This post is long and ugly, so here’s a table of contents:

Back to table of contents

API Design Anti-patterns, by Alex Martelli of Google

Abstract

Martelli’s talk was about providing public-facing web APIs, not code-level APIs. He said that public-facing websites providing must provide an API. “They’re going to scrape to get the data if you don’t,” so you might as well create an API that is less load on your site.

API design anti-patterns

  • Worst issue: no API
  • 2nd-worst API design issue: no design
  • Too many APIs spoil the broth
  • “fear of commitment”
  • Inconsistency in APIs
  • Extremes: No balance between concerns
    • what languages to support?
      • excessive language dependence or independence
    • what about standard protocols/formats?
  • Inadequate debugging, error messages, documentation

Everyone wants an API. Take a look at the most common questions on StackOverflow. They’re about spidering and scraping websites, or simulating keystroke and mouse gestures. Sometimes these questions are about system testing, but most of them point to missing APIs for a site. The APIs may actually be there, or they may be undocumented.

You should be offering an API, and it should be easy. You are in the shoes of your users. You need this API just like they do. Even a simple, weak API is better than none. Follow the path of least resistance: REST and JSON.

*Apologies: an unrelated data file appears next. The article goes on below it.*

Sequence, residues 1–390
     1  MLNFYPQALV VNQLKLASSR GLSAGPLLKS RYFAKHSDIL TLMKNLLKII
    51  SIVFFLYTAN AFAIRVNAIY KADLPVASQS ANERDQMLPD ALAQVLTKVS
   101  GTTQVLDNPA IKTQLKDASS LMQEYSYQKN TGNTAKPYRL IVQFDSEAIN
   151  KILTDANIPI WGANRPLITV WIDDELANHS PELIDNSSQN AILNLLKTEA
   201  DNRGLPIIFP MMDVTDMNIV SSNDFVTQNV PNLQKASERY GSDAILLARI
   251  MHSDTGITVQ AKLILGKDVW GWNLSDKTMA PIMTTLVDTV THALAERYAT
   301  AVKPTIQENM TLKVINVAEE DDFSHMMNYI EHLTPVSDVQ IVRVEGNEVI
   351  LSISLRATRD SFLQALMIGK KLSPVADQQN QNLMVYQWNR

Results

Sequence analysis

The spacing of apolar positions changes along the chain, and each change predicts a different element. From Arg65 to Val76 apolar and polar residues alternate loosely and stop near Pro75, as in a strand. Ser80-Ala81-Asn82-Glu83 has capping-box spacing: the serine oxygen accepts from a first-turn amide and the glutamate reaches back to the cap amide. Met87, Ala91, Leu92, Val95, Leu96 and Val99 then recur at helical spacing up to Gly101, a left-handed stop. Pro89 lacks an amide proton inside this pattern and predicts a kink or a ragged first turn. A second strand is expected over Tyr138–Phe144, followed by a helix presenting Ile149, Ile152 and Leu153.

Document your API, or at least consider examples which may be easier than text to programmers. Keep your docs and especially the code examples in them tested. Use doctest or a similar system for testing the documentation.

Back to table of contents

The Conway Channel

The Conway Channel is Damian Conway’s annual discussion of new tools that he’s created in the past year.

Regexp::Grammars is all sorts of parsing stuff for Perl 5.10 regexes, and it went entirely over my head.

IO::Prompter is an updated version of IO::Prompt which is pretty cool already. It only works Perl with 5.10+. IO::Prompt makes it easy to prompt the user for input, and the new IO::Prompter adds more options and data validation.

# Get a number
my $n = prompt -num 'Enter a number';

# Get a password with asterisks
my $passwd = prompt 'Enter your password', -echo=>'*';

# Menu with nested options
my $selection
    = prompt 'Choose wisely...', -menu => {
            wealth => [ 'moderate', 'vast', 'incalculable' ],